How many times the rate of reaction increases at 20^{0}C for a reaction having the activation energies in the presence and absence of catalyst as 50 kJ/mol and 75 kJ/mol?
K = Ae^(Ea/RT)
Taking ln on both sides
lnk = lnA + (Ea/R) x 1/T
Now ATQ: lnk1 = lnA + (Ea1/R) x 1/T
lnk2 = lnA + (Ea_{2}/R) x 1/T
Subtracting the two equations
ln(k_{2}/k_{1}) = (Ea_{1}  Ea_{2})/RT
ln(k_{2}/k_{1}) = (75  50) x 1000 / 8.314 x 293
K_{2}/K_{1} = e ^{(25000 / 8.314 x 293)}
K_{2}/K_{1} = e^{10.26}
This is approximately equal to 30000.
Hence C is correct.
If E_{f} and E_{b} are the activation energies of the forward and reverse reactions and the reaction is known to be exothermic, then:
The correct answer is Option B.
For exothermic reaction, ΔH<0
E_{b} = E_{f }+ ∣ΔH∣ or
E_{f} < E_{b}
The ratio of the rate constant of a reaction at two temperatures differing by __________0C is called temperature coefficient of reaction.
The ratio of the rate constant of a reaction at two temperatures differing by 10^{0}C is called temperature coefficient of reaction.
The effect of temperature on reaction rate is given by
The activation energies of two reactions are given as E_{a1}= 40 J and E_{a2}= 80 J, then the relation between their rate constants can be written as:
The correct answer is Option A.
As the value of activation energy, E_{a} increases, the value of rate constant, k decreases.
So, k_{1} > k_{2} since E_{1} < E_{2}
The activation energy of a chemical reaction can be determined by
The correct answer is Option C
Activation energy can be determined by evaluation rate constants at different temperatures using equation:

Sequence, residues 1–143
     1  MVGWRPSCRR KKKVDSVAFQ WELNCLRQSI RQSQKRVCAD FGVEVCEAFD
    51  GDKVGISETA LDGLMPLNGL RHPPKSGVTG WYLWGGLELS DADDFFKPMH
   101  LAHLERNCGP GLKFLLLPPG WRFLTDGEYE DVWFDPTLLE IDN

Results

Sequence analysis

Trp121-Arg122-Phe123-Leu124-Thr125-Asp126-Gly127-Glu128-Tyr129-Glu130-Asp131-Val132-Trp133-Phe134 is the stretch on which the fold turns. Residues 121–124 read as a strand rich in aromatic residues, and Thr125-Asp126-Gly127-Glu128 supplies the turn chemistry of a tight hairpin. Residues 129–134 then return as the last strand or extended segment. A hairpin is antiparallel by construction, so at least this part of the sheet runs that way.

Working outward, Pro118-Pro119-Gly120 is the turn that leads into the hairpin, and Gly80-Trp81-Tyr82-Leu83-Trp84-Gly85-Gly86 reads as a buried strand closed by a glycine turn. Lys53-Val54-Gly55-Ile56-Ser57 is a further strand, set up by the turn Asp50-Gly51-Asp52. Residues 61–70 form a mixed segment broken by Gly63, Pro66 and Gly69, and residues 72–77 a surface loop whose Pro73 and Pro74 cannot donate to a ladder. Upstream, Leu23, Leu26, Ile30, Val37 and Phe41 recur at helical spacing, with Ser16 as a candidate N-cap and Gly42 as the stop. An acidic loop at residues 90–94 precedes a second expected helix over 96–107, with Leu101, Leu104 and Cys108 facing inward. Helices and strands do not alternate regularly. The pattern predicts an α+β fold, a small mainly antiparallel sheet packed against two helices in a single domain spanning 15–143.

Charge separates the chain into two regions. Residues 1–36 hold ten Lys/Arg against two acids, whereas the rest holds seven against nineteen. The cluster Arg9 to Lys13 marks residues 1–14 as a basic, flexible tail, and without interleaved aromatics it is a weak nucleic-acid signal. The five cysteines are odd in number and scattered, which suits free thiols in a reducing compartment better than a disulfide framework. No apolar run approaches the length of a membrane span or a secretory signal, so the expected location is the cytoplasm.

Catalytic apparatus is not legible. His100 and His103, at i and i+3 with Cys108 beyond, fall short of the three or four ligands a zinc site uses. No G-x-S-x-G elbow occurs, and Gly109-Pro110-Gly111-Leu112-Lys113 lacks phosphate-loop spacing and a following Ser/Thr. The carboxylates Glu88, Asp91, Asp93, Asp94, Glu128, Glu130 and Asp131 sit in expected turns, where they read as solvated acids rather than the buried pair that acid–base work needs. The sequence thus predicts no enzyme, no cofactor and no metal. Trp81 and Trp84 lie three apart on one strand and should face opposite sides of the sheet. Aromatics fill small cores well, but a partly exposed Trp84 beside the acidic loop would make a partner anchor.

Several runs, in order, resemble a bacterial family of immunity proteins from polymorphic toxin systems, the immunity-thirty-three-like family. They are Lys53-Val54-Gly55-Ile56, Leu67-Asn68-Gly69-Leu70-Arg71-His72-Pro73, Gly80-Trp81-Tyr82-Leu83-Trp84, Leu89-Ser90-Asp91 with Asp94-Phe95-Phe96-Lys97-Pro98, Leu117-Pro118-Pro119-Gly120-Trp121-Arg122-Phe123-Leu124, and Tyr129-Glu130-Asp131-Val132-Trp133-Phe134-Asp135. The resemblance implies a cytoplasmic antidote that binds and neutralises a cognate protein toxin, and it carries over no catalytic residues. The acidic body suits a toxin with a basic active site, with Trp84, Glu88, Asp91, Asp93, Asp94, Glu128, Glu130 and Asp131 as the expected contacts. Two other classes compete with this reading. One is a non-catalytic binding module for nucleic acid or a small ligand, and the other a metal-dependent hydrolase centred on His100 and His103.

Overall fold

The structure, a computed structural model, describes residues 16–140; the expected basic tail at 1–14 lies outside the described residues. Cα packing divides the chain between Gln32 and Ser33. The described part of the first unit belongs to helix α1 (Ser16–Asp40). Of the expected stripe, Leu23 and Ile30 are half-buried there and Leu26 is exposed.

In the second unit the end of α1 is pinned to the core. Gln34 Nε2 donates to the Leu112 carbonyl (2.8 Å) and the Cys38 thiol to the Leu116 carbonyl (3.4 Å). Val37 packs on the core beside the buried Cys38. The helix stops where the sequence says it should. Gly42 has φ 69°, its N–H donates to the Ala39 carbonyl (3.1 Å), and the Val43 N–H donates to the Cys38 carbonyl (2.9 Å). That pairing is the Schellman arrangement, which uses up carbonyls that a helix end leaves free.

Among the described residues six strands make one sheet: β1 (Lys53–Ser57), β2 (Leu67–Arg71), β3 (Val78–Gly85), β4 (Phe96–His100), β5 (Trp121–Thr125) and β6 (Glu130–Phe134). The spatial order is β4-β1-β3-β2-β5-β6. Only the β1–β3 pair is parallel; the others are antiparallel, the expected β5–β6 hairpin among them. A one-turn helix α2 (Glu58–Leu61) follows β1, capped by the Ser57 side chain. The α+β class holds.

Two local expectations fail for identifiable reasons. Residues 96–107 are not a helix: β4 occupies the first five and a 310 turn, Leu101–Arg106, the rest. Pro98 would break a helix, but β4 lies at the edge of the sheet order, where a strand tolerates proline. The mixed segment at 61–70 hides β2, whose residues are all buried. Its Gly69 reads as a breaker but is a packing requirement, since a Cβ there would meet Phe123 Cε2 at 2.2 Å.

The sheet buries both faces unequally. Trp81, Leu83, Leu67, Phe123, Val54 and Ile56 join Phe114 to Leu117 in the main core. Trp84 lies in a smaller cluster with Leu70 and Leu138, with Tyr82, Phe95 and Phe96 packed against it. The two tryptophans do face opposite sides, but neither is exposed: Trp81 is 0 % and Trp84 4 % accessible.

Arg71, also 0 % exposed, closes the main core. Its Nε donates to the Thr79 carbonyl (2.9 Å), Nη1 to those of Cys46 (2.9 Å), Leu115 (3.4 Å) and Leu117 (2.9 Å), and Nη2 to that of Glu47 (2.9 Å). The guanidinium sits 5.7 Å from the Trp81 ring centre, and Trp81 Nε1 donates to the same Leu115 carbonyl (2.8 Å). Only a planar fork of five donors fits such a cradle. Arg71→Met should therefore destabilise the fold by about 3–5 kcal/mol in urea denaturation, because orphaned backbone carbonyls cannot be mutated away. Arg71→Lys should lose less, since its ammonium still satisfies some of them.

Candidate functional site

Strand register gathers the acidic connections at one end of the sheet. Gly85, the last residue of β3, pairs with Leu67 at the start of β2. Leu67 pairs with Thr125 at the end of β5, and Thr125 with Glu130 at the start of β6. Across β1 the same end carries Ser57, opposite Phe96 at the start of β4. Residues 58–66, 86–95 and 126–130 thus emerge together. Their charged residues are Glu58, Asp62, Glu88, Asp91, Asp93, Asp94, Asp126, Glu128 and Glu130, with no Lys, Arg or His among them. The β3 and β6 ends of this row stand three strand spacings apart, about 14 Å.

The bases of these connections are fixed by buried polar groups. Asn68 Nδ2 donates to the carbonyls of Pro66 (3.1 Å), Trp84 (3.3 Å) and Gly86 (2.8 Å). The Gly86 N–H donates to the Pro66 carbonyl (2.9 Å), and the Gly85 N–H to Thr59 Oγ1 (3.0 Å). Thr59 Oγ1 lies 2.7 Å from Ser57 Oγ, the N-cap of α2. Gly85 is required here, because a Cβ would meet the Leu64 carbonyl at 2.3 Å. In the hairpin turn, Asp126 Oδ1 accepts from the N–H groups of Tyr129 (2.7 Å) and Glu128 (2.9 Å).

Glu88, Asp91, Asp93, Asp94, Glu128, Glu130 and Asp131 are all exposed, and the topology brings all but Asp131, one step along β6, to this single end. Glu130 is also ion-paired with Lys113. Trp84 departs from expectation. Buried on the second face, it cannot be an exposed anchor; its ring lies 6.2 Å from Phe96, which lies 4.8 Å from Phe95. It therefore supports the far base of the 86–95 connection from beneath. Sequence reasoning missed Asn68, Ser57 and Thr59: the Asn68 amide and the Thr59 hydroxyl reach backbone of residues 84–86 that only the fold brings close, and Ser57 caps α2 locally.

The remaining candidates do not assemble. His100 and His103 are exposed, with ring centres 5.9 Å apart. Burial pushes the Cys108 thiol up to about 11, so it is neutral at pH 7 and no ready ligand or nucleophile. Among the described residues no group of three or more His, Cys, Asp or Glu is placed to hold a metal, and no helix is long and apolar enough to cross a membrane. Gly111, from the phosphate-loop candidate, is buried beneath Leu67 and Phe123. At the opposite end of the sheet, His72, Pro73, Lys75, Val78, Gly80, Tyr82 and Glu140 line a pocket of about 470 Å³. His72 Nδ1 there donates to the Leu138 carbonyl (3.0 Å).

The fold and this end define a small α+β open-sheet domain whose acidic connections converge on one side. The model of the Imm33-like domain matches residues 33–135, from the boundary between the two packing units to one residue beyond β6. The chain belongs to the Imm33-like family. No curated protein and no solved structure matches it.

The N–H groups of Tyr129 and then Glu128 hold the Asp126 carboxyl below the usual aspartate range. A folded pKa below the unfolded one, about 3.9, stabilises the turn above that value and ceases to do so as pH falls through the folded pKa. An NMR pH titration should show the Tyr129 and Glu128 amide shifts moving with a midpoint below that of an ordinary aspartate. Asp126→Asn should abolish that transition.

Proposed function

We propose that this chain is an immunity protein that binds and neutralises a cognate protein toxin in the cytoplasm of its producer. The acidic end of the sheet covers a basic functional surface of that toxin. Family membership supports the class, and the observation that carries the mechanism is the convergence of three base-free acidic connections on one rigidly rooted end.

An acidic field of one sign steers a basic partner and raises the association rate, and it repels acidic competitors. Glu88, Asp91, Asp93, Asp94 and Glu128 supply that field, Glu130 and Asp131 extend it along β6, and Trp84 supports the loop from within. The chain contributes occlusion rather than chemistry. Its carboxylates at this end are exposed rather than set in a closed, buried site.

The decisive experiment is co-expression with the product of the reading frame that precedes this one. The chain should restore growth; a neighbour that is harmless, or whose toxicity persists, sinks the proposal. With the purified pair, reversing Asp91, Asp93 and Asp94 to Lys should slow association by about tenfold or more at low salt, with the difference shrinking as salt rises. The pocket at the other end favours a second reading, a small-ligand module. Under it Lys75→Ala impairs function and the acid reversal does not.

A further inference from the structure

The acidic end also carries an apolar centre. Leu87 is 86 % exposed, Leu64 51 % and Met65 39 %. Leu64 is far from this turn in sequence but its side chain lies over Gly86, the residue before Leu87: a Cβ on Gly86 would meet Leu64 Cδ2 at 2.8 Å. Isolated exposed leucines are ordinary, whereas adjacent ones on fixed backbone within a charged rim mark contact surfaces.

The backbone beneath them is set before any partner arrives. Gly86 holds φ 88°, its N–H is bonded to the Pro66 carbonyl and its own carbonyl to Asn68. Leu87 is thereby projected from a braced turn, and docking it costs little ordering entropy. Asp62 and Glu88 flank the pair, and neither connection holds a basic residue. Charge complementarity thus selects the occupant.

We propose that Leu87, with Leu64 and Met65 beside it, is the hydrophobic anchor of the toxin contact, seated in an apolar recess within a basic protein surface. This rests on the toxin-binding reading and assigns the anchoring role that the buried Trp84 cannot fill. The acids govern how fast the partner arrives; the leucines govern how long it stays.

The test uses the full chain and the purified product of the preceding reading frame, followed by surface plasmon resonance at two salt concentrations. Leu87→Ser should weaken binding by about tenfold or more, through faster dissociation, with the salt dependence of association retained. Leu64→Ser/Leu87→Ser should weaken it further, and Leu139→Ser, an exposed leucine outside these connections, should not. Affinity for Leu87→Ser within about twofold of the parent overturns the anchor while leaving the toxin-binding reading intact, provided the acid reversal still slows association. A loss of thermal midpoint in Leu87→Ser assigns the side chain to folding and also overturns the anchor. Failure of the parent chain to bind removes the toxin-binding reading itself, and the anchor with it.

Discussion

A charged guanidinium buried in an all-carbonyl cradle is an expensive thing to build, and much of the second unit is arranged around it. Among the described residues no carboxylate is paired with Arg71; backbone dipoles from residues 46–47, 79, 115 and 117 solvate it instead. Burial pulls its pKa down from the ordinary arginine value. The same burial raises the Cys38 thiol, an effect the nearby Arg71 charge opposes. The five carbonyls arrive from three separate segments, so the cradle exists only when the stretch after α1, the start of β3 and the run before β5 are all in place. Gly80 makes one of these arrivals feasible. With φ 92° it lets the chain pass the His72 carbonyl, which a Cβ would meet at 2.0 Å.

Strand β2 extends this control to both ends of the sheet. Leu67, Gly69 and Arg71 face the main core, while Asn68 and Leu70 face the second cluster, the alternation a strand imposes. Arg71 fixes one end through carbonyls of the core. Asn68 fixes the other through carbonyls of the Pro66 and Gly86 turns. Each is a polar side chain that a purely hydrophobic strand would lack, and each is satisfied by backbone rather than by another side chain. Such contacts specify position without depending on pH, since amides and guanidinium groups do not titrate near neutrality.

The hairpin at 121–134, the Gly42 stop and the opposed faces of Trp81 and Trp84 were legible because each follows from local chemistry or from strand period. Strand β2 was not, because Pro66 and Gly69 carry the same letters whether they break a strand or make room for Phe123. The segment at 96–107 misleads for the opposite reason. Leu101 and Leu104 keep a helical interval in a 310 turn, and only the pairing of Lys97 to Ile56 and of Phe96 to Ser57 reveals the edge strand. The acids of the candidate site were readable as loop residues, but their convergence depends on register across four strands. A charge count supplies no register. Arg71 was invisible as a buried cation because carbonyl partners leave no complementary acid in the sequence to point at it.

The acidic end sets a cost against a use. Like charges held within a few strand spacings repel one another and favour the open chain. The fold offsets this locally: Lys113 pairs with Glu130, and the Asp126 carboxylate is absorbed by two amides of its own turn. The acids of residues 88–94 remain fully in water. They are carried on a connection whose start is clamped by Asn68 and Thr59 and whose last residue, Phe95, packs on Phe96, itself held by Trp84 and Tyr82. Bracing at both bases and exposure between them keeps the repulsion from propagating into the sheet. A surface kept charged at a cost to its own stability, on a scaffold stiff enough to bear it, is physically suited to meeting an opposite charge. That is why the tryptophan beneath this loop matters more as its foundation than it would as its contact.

Where, K_{2 }= rate constant at temperature T_{2}
K_{1}= rate constant at temperature T_{1}
The rate constant, activation energy and Arrhenius parameter of a chemical reaction at 25°C are 3.0 x 10^{4} s^{1}, 104.4 kJ mol^{1} and 6.0 x 10^{14} s^{1 }respectively. The value of the rate constant at infinite temperature is is
The correct answer is option C
Arrhenius equation
⇒ K = Ae−Ea/RT
As T → ∞,
RT → ∞
e^{−Ea/RT} → 1
Hence K → A as T→∞
∴ Value of K as T → ∞ = 6.0×10^{14}S^{−1}
The plot of ln k vs 1/T is a straight line. The slope of the graph is:
The Arrhenius equation is k=Ae^{−Ea/RT}
ln k = ln A  E_{a}/RT
comparing with y = mx+c where y = ln k and x = 1/T, slope m becomes E_{a}/R
so when ln k vs 1/T is plotted, the slope comes out to be  E_{a}/R
For a chemical reaction the rate constant is nearly doubled with the rise in temperature by
B is the right answer.
Rate constant is doubled with 10 degree rise in temperature.
The reactions with low activation energy are
The correct answer is Option C.
The reactions with low activation energies are always fast whereas the reactions with high activation energy are always slow. The process of speeding up a reaction by reducing its activation energy is known as catalysis, and the factor that's added to lower the activation energy is called a catalyst.
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